The term “political correctness” may be new but its foundations are not. For centuries, people of color have been expected to not offend white people—and were jailed, whipped, or murdered if they did. From the mid-19th century through the mid-20th century, African Americans were lynched by white mobs for all sorts of “reasons”...The obvious conclusion is that "political correctness" is the name applied to the idea that "some people [are] owed deferentially considerate treatment[.]"
“Political correctness” only acquired a name when, relatively recently in American history, the idea of treating others respectfully was finally extended to include how white people treat black people, how men treat women, and so on. Prior to that, the idea that some people were owed deferentially considerate treatment—even in its most extreme, vicious incarnations—didn’t need a special term. It was just the way things were.
And, indeed, that's just what it does mean. It means that using language or displaying behavior objected to by the class owed 'deferentially considerate treatment' deserves severe punishment. Fair enough, right? We should object to political correctness as a less-severe incarnation of the same bad idea that undergirded lynchings. I wouldn't have put it that way, but I can see the point: just as not adhering to extreme deference in avoiding offending white women was once grounds for excessively severe punishment, so today...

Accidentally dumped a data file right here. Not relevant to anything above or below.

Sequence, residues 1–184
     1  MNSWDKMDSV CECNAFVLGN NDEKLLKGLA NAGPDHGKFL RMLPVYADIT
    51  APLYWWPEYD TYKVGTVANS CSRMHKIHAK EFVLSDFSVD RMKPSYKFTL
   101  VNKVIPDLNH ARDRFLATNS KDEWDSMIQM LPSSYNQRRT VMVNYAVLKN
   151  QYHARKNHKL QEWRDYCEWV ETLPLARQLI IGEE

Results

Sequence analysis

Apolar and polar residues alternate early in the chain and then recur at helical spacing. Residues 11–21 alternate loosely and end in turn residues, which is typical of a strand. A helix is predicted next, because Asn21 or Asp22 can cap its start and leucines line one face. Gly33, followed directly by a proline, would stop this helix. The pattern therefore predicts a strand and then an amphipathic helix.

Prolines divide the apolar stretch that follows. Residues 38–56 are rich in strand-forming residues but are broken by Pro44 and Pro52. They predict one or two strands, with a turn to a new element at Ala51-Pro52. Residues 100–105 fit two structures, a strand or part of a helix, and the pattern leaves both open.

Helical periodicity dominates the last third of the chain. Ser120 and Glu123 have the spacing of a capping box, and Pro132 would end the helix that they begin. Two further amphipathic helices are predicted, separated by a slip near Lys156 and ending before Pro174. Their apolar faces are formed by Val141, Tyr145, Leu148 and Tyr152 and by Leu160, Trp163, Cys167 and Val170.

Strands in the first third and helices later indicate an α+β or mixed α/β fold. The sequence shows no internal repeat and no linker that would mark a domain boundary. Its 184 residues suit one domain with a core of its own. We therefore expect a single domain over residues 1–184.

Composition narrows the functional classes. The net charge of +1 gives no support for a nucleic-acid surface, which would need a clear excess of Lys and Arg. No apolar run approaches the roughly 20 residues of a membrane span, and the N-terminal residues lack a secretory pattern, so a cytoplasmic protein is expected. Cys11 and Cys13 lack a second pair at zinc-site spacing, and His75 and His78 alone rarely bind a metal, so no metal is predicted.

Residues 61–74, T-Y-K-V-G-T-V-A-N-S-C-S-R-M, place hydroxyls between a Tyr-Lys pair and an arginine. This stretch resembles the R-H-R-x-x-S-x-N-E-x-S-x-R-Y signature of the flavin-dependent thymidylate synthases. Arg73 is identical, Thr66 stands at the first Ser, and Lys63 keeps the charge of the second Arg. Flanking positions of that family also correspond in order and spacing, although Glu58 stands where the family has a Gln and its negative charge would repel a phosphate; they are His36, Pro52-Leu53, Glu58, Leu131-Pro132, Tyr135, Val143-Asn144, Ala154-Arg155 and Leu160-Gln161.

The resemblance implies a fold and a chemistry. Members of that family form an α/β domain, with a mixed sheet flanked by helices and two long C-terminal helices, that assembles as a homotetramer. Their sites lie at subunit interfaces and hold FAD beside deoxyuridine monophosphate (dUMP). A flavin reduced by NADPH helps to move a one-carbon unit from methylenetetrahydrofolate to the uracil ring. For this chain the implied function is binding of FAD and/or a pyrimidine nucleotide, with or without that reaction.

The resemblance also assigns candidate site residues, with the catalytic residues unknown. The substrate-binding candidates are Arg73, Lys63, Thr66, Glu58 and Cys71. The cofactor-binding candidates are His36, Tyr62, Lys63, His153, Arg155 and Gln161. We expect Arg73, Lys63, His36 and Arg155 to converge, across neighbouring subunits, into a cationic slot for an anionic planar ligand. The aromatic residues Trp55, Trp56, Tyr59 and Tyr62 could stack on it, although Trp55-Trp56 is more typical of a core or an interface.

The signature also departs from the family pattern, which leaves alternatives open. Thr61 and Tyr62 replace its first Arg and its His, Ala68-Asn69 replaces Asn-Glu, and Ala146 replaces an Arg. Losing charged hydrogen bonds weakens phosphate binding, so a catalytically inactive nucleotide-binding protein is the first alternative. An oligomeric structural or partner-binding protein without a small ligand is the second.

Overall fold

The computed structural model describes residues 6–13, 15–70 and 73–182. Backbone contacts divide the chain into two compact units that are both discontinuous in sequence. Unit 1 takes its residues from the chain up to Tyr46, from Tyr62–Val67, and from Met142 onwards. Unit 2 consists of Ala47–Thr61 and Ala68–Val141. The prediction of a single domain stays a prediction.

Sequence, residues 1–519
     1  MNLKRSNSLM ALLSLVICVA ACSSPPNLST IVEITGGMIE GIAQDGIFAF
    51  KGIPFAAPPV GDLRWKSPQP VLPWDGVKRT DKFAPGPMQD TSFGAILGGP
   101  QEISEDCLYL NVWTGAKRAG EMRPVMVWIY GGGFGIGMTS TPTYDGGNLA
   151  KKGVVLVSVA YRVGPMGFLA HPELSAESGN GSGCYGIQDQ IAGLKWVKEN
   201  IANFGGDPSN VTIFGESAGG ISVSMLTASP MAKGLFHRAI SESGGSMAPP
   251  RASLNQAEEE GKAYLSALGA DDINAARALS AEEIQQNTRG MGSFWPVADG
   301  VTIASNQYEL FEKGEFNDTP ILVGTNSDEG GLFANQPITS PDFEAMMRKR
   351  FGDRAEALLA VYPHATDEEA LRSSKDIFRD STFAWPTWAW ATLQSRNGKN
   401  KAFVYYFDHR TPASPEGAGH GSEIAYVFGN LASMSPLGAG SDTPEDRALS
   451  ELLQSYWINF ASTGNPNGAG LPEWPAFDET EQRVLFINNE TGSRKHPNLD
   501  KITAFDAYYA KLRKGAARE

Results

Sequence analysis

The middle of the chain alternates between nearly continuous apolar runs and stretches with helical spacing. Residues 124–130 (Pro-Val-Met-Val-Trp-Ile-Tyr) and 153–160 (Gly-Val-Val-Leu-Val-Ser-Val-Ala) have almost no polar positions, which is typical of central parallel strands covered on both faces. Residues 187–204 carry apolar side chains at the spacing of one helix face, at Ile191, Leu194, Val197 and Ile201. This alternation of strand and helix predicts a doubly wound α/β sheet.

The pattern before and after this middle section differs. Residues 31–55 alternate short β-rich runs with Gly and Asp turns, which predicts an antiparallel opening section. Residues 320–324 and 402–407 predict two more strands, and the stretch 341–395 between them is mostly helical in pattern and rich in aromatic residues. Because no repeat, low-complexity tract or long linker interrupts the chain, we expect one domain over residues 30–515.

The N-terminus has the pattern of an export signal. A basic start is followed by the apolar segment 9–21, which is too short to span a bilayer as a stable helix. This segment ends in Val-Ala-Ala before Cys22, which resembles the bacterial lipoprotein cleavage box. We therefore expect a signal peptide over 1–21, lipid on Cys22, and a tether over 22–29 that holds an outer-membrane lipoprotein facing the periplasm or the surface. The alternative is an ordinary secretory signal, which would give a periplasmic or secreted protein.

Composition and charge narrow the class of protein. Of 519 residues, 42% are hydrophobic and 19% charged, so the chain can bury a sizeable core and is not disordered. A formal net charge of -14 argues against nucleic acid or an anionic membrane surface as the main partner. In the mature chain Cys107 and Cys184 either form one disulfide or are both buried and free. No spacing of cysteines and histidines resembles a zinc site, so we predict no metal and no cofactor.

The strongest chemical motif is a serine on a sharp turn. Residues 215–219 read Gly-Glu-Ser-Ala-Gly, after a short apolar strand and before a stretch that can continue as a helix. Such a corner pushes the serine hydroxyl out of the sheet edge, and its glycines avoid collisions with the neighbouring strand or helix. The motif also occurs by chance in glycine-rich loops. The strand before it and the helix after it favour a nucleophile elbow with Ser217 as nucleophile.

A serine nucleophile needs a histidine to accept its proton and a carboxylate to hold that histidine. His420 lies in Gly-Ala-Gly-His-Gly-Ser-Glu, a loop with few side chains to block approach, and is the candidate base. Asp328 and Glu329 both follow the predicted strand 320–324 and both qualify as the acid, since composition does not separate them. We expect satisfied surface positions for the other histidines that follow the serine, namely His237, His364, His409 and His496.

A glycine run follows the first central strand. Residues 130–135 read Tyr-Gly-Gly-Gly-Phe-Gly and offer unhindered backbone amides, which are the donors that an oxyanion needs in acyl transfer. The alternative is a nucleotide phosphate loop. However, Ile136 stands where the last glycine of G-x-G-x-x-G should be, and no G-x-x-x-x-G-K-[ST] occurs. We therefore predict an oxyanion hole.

Of course, she concludes the exact opposite of what logically follows from her setup.
Political correctness is a good thing—the idea that we should treat our fellow human beings with equal respect, despite their race or gender or sexual orientation, and the idea that we might all learn and get better at doing so because of feedback and changing norms.No, the frame you set up was one in which "political correctness" is the heir to not treating people 'with equal respect,' but asserting that some deserve especial deference -- and that severe punishment should fall on members of the disfavored class(es) who violate that deference.
Political correctness is thus bad, not good, for the same reason (but to a vastly lesser degree) that lynching was bad. It is a system of punishing members of disfavored classes for failing to adhere to standards of excessive deference in avoiding giving offense to members of favored classes. The good thing would be not doing that.